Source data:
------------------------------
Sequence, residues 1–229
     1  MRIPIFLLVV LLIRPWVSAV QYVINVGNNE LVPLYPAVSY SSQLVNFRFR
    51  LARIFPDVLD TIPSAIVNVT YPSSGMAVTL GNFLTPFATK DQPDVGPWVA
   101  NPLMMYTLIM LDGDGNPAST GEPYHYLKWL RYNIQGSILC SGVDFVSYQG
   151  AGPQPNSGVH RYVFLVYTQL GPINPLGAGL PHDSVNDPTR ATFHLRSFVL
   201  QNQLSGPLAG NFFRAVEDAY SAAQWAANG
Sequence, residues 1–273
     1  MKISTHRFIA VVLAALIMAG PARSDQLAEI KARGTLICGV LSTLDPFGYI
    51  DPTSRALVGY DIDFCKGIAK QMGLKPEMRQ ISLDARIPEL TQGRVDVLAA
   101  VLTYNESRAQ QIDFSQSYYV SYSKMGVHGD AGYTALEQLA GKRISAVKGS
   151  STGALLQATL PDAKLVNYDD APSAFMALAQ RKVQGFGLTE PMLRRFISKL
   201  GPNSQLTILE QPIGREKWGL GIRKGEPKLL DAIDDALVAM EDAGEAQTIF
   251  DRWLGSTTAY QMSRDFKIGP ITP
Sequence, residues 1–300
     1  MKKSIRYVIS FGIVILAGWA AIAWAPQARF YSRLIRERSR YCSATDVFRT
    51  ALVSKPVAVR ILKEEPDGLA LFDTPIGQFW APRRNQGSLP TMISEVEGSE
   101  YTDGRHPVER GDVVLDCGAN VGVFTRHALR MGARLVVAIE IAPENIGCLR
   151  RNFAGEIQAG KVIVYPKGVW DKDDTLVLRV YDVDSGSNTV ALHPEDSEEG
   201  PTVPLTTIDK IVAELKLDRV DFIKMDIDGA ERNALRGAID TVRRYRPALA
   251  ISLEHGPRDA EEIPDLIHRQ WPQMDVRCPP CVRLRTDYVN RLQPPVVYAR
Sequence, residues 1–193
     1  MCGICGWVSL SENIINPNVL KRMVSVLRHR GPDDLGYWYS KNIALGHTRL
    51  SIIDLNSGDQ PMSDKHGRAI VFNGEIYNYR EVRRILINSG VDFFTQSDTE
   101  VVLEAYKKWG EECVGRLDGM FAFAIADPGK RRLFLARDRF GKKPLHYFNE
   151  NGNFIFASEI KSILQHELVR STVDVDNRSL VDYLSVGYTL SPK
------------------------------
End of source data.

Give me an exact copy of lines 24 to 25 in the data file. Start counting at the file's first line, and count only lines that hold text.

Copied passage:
   101  VVLEAYKKWG EECVGRLDGM FAFAIADPGK RRLFLARDRF GKKPLHYFNE
   151  NGNFIFASEI KSILQHELVR STVDVDNRSL VDYLSVGYTL SPK